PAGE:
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Don’t vote for sensationalism 


Staff Writer

Sen. Ted Cruz, Republican presidential hopeful and closet-Canadian, has made waves over the last month, especially at the annual Values Voter Summit when he vowed to promptly throw out the Iran Nuclear Deal if he is elected to office.

“If the Ayatollah doesn’t like that,” Cruz said, “we may have to help introduce him to the 72 virgins.”

This line received roars of applause from the crowd of fundamentalist voters and a self-flattering grin from the Texas senator.

When I heard this line, I was speechless. One of the frontrunners for the Republican presidential nomination just casually threatened to kill the leader of a rival nation.

To be frank, Ted Cruz behaves like a spoiled child. This is the kind of language and behavior that is to be expected from a short-tempered teenager fresh out of a high school government class, not a state representative that could feasibly be the head of an entire country.

Even when Ronald Reagan denounced the Soviet Union as an “evil empire,” he had the decency not to resort to death threats.

What is most alarming about this whole ordeal is not Cruz’s idle threat, but the crowd’s response to it. While Cruz’s speech was something to be loathed, the majority of those attending the Values Voter Summit vocally lauded it.

This is what is unsettling about Cruz’s campaign and politics in general. The race to the White House seems to be being won by those that ruffle the most feathers.

Voters, whether intentional or not, seem to be drawn to those that yell the loudest rather than those that make the most sense.

Cruz is, of course, not the only one guilty of this.

Donald Trump has built his entire campaign on such off-the-wall ideas as building a giant wall on the Mexican border to stop illegal immigration.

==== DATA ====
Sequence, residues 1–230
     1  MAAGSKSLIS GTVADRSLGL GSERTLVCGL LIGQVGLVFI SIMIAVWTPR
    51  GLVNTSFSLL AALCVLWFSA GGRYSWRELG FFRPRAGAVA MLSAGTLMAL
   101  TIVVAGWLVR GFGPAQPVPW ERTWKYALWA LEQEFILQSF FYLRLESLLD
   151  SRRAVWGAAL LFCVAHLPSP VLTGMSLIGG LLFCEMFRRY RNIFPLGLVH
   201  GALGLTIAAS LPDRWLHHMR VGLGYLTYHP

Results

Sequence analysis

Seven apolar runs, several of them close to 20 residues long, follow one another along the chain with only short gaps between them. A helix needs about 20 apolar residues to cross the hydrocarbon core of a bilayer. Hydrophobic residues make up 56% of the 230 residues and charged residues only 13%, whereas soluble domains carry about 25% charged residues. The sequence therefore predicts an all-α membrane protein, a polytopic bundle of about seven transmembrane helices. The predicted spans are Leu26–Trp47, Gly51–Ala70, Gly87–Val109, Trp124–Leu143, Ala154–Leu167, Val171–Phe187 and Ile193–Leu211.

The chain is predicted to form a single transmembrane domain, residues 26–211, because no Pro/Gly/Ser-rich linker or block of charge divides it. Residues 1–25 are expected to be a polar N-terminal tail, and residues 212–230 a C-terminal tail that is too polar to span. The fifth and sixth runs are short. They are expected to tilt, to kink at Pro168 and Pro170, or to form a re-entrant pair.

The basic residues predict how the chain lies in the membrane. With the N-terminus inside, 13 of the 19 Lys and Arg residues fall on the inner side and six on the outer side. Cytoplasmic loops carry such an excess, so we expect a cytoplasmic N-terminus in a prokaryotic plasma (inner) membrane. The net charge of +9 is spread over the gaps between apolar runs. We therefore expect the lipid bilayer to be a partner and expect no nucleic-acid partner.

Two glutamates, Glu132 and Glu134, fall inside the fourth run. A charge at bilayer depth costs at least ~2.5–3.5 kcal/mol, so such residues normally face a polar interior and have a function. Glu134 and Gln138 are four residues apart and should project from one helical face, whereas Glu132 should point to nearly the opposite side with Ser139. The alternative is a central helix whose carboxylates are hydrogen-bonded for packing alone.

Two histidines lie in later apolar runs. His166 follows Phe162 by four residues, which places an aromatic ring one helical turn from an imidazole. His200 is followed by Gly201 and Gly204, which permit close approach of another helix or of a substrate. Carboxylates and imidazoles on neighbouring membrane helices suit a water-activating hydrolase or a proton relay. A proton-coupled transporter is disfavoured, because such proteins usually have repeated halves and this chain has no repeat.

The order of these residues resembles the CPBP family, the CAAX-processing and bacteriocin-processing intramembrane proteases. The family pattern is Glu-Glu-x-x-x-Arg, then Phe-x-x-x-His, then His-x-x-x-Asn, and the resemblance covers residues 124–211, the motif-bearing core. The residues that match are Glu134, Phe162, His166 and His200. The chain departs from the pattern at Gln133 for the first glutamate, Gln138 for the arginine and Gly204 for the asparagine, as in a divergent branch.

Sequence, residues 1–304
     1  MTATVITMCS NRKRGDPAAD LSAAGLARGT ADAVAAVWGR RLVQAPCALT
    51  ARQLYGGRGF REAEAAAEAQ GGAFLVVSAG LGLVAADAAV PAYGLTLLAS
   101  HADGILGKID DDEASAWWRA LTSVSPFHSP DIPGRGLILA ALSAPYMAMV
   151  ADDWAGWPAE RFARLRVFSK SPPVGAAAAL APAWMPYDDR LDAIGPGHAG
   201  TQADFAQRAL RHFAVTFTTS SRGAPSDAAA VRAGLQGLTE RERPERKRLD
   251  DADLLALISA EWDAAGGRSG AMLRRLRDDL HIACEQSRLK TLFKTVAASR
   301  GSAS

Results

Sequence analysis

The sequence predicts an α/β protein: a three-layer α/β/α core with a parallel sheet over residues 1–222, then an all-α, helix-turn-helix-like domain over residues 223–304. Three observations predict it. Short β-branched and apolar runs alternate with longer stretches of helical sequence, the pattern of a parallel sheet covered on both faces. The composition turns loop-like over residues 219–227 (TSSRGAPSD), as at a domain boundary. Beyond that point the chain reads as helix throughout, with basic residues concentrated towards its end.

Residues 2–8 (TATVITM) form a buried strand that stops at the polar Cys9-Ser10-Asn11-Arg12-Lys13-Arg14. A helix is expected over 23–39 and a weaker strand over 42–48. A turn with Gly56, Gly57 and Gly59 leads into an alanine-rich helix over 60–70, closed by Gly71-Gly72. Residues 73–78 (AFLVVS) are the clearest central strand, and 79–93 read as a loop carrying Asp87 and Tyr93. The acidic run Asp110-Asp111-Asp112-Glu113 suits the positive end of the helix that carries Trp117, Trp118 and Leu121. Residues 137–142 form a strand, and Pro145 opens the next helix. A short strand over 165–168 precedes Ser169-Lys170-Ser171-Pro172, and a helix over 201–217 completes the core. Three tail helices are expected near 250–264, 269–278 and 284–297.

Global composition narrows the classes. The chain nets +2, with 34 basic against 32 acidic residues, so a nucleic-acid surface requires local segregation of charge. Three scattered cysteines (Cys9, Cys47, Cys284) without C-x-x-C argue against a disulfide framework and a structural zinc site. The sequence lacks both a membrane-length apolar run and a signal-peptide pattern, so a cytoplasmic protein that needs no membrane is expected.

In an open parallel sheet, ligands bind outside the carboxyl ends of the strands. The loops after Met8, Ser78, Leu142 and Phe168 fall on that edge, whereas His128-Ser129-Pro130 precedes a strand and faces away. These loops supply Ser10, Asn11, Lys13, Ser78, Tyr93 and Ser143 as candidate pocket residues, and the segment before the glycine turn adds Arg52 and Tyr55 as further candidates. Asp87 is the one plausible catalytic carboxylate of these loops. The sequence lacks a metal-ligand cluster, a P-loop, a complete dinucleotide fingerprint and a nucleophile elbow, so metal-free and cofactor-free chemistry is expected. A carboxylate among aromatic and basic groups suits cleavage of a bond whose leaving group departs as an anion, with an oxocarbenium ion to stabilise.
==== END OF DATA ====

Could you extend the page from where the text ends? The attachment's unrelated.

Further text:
Not to be outdone, Scott Walker proposed doing the same on the border to Canada.

On the other side of the political spectrum, Hillary Clinton lightheartedly has dismissed anyone that mentions her private email server and its questionable legality.

The worst part: these people may one day be in the nation’s most powerful position.

This championing of idiocy needs to stop. As voters, it is our duty to examine what these people have to offer the American people and whether their leadership can lead to any sort of prosperity or well-being.

And to those candidates running on a platform of sensationalism, Ted Cruz included, you need to grow up. The nation is divided enough already without your half-baked “ideas” driving a wedge between Americans. Stop pandering to the lowest common denominator and start addressing what you can do to solve the nation’s issues. If you disagree with something, find an alternative that does not involve killing any leaders.

George Orwell put it best when he said “Political language… is designed to make lies sound truthful and murder respectable, and to give an appearance of solidity to pure wind.”

Don’t vote for who yells the loudest, vote for who makes the most sense.

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